Prayer is a lonely business.
Especially those middle of the night prayers, when the world is asleep, and we are awake. Our hearts grow faint when darkness looms loud and the sky seems an impenetrable ceiling.
Satan, that deceiver of the brethren, whispers softly, so as not to awaken those resting peacefully nearby. He might as well shout it from the housetops; it’s already ringing loudly in our ears—
What’s the use?
How long will you continue to pray?
Sometimes he’s the snake in the garden. Did God really say . . .
Other times he’s a ventriloquist, using Job’s wife as his puppet. Curse God and die.
Our ears fill with tears, reservoirs for the streams that leak from our eyes unchecked into salty puddles. We lie there, frightened, paralyzed by what if’s and the worst possible scenario, some of which has already come true.
Our minds defeat us before we breathe our first prayer, and we gasp our pleas to an almighty God whom we’ve rendered powerless by our lack of faith.
“But when he asks, he must believe and not doubt, because he who doubts is like a wave of the sea, blown and tossed by the wind. That man should not think he will receive anything from the Lord; he is a double-minded man, unstable in all he does” (James 1:6-8).
“. . . but the boat was already a considerable distance from land, buffeted by the waves because the wind was against it” (Mat. 14:24).
And the waves threaten to drown us, and the sea rages around us, and the sky is inky black.
Yet it was in that fourth watch of the night—the most profound of darkness—that Jesus came to them, walking on the lake, because even mustard seed faith is enough to summon the Lord of the seas.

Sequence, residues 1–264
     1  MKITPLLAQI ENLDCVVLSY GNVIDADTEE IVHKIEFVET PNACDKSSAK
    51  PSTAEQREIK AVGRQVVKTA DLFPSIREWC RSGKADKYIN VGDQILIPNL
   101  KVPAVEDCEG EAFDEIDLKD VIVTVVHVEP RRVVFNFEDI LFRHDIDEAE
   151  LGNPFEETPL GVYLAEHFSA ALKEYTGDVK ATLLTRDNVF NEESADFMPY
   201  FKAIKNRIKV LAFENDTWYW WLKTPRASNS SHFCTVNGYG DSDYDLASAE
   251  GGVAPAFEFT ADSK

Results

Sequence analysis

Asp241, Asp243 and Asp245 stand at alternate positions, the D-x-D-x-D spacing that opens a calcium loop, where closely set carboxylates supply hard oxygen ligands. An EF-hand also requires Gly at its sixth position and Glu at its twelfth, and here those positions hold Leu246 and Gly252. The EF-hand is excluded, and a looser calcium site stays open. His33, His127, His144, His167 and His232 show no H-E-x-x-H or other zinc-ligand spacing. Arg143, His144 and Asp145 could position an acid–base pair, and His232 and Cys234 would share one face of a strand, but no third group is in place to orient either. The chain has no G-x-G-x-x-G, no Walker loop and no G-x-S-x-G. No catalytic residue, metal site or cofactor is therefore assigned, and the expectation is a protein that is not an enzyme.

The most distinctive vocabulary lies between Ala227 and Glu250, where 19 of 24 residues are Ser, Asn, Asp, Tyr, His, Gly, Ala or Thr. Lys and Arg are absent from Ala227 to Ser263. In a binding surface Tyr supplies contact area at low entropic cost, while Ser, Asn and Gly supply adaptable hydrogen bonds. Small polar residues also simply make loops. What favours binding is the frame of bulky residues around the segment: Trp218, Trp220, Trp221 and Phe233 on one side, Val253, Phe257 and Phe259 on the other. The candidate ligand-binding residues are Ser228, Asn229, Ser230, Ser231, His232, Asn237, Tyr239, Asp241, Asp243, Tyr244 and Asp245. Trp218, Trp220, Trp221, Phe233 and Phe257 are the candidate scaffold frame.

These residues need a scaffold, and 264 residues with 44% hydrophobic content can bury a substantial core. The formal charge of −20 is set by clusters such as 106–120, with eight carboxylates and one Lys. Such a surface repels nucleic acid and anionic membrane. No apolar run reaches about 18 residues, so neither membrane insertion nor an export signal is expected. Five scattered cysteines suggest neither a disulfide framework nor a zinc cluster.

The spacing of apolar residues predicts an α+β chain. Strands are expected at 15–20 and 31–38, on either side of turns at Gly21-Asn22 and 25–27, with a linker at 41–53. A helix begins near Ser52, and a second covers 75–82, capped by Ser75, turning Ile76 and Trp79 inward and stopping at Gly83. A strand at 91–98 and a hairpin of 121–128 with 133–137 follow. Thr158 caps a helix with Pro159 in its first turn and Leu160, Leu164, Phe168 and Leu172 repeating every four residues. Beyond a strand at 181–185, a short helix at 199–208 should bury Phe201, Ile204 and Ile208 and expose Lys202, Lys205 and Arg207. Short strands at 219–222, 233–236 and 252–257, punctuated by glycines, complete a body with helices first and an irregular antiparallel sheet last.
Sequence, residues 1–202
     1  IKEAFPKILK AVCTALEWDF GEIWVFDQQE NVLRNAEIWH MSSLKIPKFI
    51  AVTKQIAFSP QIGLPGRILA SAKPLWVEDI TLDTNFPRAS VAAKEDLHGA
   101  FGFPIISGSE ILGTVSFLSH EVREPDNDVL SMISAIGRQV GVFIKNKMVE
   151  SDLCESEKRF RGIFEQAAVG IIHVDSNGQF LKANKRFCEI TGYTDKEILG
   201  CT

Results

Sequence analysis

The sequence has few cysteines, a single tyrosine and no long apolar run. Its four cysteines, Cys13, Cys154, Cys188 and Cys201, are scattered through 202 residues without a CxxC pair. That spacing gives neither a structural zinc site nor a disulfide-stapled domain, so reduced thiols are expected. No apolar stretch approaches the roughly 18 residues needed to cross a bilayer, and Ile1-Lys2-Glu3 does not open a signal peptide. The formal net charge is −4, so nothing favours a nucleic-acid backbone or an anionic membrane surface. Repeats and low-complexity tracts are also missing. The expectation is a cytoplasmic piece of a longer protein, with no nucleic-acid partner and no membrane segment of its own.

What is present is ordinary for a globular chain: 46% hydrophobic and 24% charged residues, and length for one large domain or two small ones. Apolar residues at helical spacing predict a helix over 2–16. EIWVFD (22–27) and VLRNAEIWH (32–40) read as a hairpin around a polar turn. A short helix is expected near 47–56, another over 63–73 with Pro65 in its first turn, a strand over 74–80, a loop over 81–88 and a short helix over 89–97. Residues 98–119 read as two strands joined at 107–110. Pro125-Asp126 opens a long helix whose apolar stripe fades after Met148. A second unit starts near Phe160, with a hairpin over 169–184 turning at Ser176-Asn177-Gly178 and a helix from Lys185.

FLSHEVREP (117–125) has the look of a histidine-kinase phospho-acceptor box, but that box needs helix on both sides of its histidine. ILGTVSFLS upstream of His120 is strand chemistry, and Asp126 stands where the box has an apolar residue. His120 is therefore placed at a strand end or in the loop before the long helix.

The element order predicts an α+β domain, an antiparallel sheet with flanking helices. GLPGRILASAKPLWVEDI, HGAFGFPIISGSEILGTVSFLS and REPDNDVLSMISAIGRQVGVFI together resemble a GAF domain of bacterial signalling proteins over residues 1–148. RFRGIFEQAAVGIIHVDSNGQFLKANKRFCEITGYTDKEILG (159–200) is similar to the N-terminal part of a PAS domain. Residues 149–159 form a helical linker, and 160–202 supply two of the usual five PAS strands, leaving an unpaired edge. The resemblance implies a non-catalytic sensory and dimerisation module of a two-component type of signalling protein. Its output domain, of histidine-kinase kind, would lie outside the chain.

"Take courage!” he calls, “It is I. Don't be afraid."
"Lord, if it's you," Peter (and we) reply, "tell me to come to you on the water."
"Come," he said.
Then Peter got down out of the boat, walked on the water, and came toward Jesus. But when he saw the wind, he was afraid and, beginning to sink, cried out, "Lord, save me!"
And our fledgling faith steps falter, and we sink flailing into the sea.
Immediately Jesus reached out his hand and caught him. "You of little faith," he said, "why did you doubt?"
And when they climbed into the boat, the wind died down.
Then those who were in the boat worshiped him, saying, "Truly you are the Son of God."
If you’re weeping in the darkness and drowning in the sea today, take comfort. The wind and the waves obey our Lord’s command. Satan is a defeated foe who trembles at his name. And the prayer of a righteous man is powerful and effective (James 5:16).
Pray on, dear friend, and rest in the knowledge that there’s no safer place than in the eye of the storm if Jesus is in the boat with you.
“Christianity,” a wise pastor once said, “is less about you holding on to God, and more about him holding on to you.”
"When my life was ebbing away, I remembered you, Lord, and my prayer rose to you, to your holy temple. Those who cling to worthless idols forfeit the grace that could be theirs. But I, with a song of thanksgiving, will sacrifice to you. What I have vowed I will make good. Salvation comes from the Lord" (Jonah 2:7-9).
What storm are you facing today? If you’ll leave your name in the comment box, I’d like to pray for you.
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